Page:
This is unbelievable! Okta's source code has been stolen. It's not like they're one of the leading providers of authentication and Identity Access Management (IAM), right?
But the truth is, we're all at risk. Of course, some a lot more than others. Yet, hackers are efficient beasts who don't discriminate. They're constantly attacking titans like Okta and runts alike. Wherever the spaghetti sticks.
Thus begins, our opinionated rant on infosecurity. It's not something we can ignore. Think about it like a lock in the offline world. How many things do we lock? Our cars, our bikes, our homes, the restroom.
We lock our $#!t for basic privacy, security, and safety. It's common sense.
The same thinking goes for infosecurity on the internet. Especially for those who make a living online—lockdown your $#!t.
Here's some ideas to get you started with creating secure passwords:
Strengthen your passwords
In 2014, all of Ambreen's passwords were ryangosling123. We get it, it's easy to remember and convenient. But it's like leaving a key under the front-door mat growing up.
The problem is, times have changed. The bad people who are out there know where to look.
We finally got Ambreen to take things seriously when her card was breached on Amazon Marketplace. Now, she has a unique password everywhere.
We couldn't push her all the way though. Her ATM password is still 1112, Ryan Gosling's birthday.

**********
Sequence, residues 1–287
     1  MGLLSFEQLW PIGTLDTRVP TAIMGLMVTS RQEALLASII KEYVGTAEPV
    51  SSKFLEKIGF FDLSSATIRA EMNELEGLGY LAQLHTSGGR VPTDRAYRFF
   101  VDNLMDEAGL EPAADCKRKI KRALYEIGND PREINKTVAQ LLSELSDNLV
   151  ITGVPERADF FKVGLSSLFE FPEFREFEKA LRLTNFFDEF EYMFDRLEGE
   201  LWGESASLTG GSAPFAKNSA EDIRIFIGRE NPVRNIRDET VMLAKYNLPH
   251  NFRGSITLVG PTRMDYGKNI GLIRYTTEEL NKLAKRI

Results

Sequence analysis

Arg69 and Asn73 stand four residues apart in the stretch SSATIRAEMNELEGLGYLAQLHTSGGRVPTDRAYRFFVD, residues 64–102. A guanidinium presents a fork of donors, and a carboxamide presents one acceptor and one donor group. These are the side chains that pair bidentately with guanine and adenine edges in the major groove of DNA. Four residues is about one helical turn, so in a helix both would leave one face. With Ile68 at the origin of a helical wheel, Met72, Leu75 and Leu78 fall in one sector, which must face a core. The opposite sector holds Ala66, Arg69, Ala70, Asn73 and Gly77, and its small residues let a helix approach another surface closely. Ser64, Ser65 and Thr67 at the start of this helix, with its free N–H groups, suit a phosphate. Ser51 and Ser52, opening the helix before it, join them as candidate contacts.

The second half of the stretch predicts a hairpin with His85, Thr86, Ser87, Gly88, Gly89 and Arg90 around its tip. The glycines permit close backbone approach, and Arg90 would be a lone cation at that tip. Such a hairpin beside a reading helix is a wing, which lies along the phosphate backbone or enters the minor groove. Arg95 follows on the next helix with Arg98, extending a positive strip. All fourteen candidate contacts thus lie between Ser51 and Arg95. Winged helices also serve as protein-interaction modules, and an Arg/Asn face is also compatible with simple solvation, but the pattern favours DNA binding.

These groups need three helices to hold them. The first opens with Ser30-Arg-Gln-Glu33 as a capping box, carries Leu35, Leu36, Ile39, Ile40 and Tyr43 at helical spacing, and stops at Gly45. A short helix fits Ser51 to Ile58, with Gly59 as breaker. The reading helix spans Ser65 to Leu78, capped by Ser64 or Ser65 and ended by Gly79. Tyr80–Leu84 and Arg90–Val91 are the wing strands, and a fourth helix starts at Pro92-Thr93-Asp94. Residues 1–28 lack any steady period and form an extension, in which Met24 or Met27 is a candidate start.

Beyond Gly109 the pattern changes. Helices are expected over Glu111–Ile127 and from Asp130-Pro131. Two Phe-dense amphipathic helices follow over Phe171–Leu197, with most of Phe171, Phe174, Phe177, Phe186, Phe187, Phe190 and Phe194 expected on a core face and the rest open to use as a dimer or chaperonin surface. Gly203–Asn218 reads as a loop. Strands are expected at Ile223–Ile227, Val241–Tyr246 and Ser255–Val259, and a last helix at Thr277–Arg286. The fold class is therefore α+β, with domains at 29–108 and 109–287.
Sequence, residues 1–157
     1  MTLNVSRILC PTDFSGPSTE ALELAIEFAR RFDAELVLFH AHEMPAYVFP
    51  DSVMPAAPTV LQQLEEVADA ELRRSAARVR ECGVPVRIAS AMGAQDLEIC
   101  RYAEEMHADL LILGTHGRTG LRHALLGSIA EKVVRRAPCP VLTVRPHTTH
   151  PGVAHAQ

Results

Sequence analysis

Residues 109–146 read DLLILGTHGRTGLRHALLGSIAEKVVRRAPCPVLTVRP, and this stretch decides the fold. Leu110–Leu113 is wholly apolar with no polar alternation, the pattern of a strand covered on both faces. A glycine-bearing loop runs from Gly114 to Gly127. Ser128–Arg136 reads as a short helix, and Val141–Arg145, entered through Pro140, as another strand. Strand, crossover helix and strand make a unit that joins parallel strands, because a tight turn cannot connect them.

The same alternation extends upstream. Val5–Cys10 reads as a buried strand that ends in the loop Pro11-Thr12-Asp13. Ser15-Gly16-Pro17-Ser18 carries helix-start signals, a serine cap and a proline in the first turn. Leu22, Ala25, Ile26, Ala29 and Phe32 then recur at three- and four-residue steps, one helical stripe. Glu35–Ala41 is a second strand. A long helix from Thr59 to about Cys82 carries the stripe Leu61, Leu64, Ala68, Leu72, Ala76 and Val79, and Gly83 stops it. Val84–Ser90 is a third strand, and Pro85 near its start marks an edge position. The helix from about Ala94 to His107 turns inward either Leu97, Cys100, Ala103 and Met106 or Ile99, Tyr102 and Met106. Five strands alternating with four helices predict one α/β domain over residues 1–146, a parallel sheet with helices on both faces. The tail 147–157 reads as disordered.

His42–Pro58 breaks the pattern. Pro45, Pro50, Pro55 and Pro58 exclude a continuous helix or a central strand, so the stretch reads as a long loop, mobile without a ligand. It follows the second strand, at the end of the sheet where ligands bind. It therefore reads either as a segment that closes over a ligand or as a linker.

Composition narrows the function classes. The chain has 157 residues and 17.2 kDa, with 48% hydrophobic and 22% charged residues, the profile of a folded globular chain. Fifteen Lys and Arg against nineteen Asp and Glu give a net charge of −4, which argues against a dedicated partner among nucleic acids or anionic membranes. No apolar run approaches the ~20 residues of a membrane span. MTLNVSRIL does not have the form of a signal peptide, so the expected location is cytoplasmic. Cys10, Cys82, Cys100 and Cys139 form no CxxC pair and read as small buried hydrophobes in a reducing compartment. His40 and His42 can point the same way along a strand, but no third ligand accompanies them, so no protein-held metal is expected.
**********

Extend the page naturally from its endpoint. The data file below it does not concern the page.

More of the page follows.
Use a zero-trust, no-knowledge password manager
There's a ton of password managers out there. Ironically, the most popular ones 1Password and LastPass have been hacked numerous times. 🤦🏽
We highly recommend you invest in a zero-trust, no-knowledge password manager like Keeper Security. We use it every day and it makes this problematic process more efficient.
With zero trust, you're the only one who has access to the encryption key. So even if they're hacked, your data is inaccessible unless your passkey is ryangosling123.
Just keep in mind if you lose your passphrase, you're screwed. And no, don't write it down or store it on your computer like someone we know, ahem...Ambre...
If you don't want to add another tool to your belt or are tightening the SaaS budget, just start using unique, complex passphrases. An easy way to think of this is like writing a sentence.
The example above is 30 characters in length, is variable, and is something Ambreen can remember. It would take a supercomputer longer than its worth to crack it, about 487,000 years.
About Rebekah Radice
Rebekah Radice, co-founder of BRIL.LA, has traded narcissism for purpose. When not driving growth, you'll find her tricking family into thinking she's Emeril Lagasse - likely covered in marinara. The spotlight was fun, but impact is better. These days she's using 20+ years of brand brilliance for good.